Foreign criminal still in Canada despite convictions, deportation order
One of the many things we do here at W5 is follow up on our stories. In some cases the response from you, our viewers, lead us to investigate other facets of a story and sometimes the story we report on is worth a follow up. This week’s report, Conning Canada, is one of those.
We first reported on Sandra Gordon in 2006 as part of our investigation Criminal Immigrants. Back then we revealed that Gordon had a long criminal record and was under a deportation order.
But when we aired the story her appeal of that deportation order had not yet been decided.
Sandra Gordon was 16 years old when she came to Canada from Jamaica in 1972. In 1975 she was convicted for theft. A year later she was charged again this time for theft, attempted fraud and public mischief. Later in 1976 Gordon was ordered deported. She fought that order and it was overturned in 1978.
Gordon continued her life of crime in Canada. Here’s just a small sample:
- In 1988 a fraud charge led to a 30 day sentence.
- In 1990 Gordon was caught in possession of counterfeit money and handed another stint in jail.
- In 2001 she was convicted on 22 counts of loan fraud.
Over nearly four decaes Gordon racked up a long criminal record.
Over the years we kept investigating, trying to learn more about Gordon. And then, in the summer of 2012, we learned that she was still in Canada and back in a Toronto court this time for driving with a suspended licence.
Upon this discovery we sought to establish the status of her various appeals before the courts. We went back and reviewed a Removal Order from Oct. 13, 2006.
Her appeal was dismissed and the ruling stated “granting of another stay would not be appropriate application of the panel’s discretionary jurisdiction.” Then we looked at a Federal Court ruling from March 14, 2007 that stated; “This application for leave and for judicial review is dismissed.” Two months later Justice Gibson confirmed that decision. So why was Gordon still in Canada?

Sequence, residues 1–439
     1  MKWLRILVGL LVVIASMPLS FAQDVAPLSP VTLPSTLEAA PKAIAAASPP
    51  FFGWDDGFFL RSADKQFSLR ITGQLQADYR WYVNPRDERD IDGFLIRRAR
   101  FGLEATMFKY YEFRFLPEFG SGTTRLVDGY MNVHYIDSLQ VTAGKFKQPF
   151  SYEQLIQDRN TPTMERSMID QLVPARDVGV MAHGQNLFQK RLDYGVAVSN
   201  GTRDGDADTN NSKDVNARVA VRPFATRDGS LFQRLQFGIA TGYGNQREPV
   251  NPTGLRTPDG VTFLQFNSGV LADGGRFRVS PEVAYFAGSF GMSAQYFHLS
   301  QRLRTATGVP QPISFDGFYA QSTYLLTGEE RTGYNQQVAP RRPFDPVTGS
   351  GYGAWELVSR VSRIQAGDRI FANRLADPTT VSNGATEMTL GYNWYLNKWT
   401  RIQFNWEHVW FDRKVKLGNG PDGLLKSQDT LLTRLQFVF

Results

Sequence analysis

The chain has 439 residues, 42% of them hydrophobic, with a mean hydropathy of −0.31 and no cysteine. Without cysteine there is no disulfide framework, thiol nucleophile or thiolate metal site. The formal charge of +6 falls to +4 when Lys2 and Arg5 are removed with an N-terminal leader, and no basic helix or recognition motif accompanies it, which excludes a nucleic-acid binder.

We wanted to see as many documents as possible about Gordon’s case. We had obtained her criminal record and it showed dozens of convictions for everything from credit card fraud to loan fraud to obstructing police.
The document chase
Naturally we wanted an explanation for Gordon’s continued presence in Canada. Because Canada’s privacy laws protect individuals, we filed a series of Access to Information requests.
The first went to Citizenship and Immigration Canada. On Oct. 3, 2012 our request for further documents on Gordon’s case was denied to protect her privacy. We were told, “The records you are seeking contain the personal information of Ms. Gordon.”
Another request went to the Canada Border and Services Agency. On Jan. 3, 2013, it too denied our request because the information is “not publically available” and we required the consent of Sandra Gordon to see any information.
Finally, we were told that old records of the Immigration Appeal Board are now held at Library and Archives Canada. After a visit to the Archives and a meeting with a librarian we were told to file an Access to Information request. On Dec. 21, 2012 we received the response from the Archive. An initial search “found possible relevant information” but the Archive had a surprise for us.
"In order to provide you with access to the information you have requested, a total of $31,970.00 has been assessed under subsection 11(2) of the Act for search and preparation.”
A price tag of more than $30,000 to review files from a public proceeding that had now been sent to a government warehouse. That bill was more than we were willing to pay.
W5 was at the court in 2012 when Gordon left after her conviction for driving with a suspended licence and we approached her to find out why she remained in Canada. W5 had obtained a 2001 deportation order against Gordon that she signed. But, confronted by Seamus O’Regan, Gordon denied having a deportation order against her and ran from our camera.
We followed up and visited two addresses she had provided on official documents from 2011 and 2012, which W5 had uncovered.
In the first case the owner of the house, where Gordon had listed her address in 2011 said she had not lived there since 2010. He had no forwarding address for Gordon. The second address, a house in Newmarket, Ont. is owned by Gordon’s mother. She refused to speak with us or tell us where Gordon is living now.
We wanted to know how someone like Gordon can avoid deportation. So, we went to Canada’s Immigration Minister, Jason Kenney. He told W5, “We’re trying to figure out how to more liberally apply the Privacy Act as it relates to people whose continued presence in Canada seriously undermines public support for the integrity of our immigration system.” Kenney went on to say that “foreign citizens who represent a threat to public safety have to be removed from Canada quickly.”
Nevertheless, Sandra Gordon’s current status remains a mystery. We know Gordon applied for permanent residence status and her application was processed in 2011. We also know that Gordon received a letter about her application in June 2012. But the letter she received remains protected by privacy laws.
We don’t know what her status is today. We do know that in the summer of 2012 Sandra Gordon, a convicted criminal many times over, was free to walk the streets of Canada.
The Sandra Gordon case is one we will continue to investigate.